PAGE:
Click Here to Play Audio

Update - Sept. 7 10:30 a.m.: Smithfield Mayor Steve Bowman said the developer behind the controversial Grange at 10Main housing development withdrew the rezoning application for the project without explanation.

The surprise move comes after the town's council delayed the application's approval for the second time, directing it back to the town planning commission for further analysis of the project's traffic impacts.

The Grange was set to include nearly 300 homes, a boutique hotel and more right at the foot of Smithfield's historic Main Street area.

Residents and members of the town council have worried for months about how many cars would crowd the tight streets of Smithfield's historic district.

Bowman said he hasn't spoken with the developer, Joseph Luter IV, about why the application was withdrawn or what the plan is going forward. He said the town's staff also hasn't heard from the developer beyond the withdrawl request.

But Bowman said his understanding is that the application was withdrawn "without prejudice," meaning it could come back in a modified form without starting from square one.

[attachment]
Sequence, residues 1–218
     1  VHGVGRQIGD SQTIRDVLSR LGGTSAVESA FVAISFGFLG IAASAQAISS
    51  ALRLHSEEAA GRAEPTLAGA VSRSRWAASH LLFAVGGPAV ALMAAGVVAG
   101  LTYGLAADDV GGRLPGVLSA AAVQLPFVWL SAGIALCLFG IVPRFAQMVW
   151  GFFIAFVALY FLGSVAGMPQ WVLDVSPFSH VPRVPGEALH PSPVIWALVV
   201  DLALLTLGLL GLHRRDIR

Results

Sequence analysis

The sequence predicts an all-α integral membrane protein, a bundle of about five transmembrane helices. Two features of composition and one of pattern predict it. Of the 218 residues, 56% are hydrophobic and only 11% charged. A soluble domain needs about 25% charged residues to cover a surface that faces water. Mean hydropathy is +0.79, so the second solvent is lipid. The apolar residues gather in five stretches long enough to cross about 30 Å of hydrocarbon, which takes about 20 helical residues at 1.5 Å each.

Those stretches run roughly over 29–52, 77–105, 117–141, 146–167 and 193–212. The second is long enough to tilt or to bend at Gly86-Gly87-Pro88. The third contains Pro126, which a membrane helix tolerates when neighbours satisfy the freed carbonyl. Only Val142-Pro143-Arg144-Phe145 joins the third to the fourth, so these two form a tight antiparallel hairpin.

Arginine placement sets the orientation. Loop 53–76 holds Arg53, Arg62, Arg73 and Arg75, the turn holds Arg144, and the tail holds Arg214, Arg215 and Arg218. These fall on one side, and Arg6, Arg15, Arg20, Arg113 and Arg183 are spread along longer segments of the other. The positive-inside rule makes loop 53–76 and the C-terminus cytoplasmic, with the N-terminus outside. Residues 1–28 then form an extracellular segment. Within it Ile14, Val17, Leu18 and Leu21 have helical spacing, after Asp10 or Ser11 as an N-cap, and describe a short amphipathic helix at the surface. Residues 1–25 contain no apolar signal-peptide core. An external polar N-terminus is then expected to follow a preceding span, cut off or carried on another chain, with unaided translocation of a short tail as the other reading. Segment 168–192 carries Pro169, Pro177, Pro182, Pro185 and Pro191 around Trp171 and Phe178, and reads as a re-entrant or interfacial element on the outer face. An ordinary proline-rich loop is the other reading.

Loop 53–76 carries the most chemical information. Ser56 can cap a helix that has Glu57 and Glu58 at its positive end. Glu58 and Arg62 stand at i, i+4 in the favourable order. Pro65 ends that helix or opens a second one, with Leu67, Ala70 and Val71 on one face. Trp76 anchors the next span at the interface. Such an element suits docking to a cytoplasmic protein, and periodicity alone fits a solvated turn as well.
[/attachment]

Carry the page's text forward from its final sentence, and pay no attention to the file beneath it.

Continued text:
ORIGINAL - Sept. 6, 12:39 p.m.: For the second time in as many months, Smithfield’s Town Council has pushed off a rezoning request for a major development at the foot of the town’s historic Main Street downtown area.

The project, called The Grange at 10Main, would include nearly 300 homes and luxury apartments. Plans also call for a farmer’s market, restaurants and boutique hotel on 57 acres at the south end of town.

The big issue council members said they had with the proposed project Tuesday is potential for increased traffic - potentially thousands more car trips per day on the town’s roads, including the narrow two-lane Main Street. 

The council voted Tuesday to send the matter back to the town’s planning commission for further discussions with the developer. Joseph Luter IV, the son of former Smithfield Foods Chairman Joseph Luter III, is behind the development.

The family bought and tore down an 18th-century farmhouse and the former Little’s Supermarket to make room for the proposed development.

The project has drawn controversy not just for the scale of the project and its proximity to Smithfield’s historic downtown, but also for requests from the developers for the town to help pay for parts of the project.

The Grange is part of more than a dozen major development projects that could bring thousands of new housing units online in and around Smithfield over the next couple of years.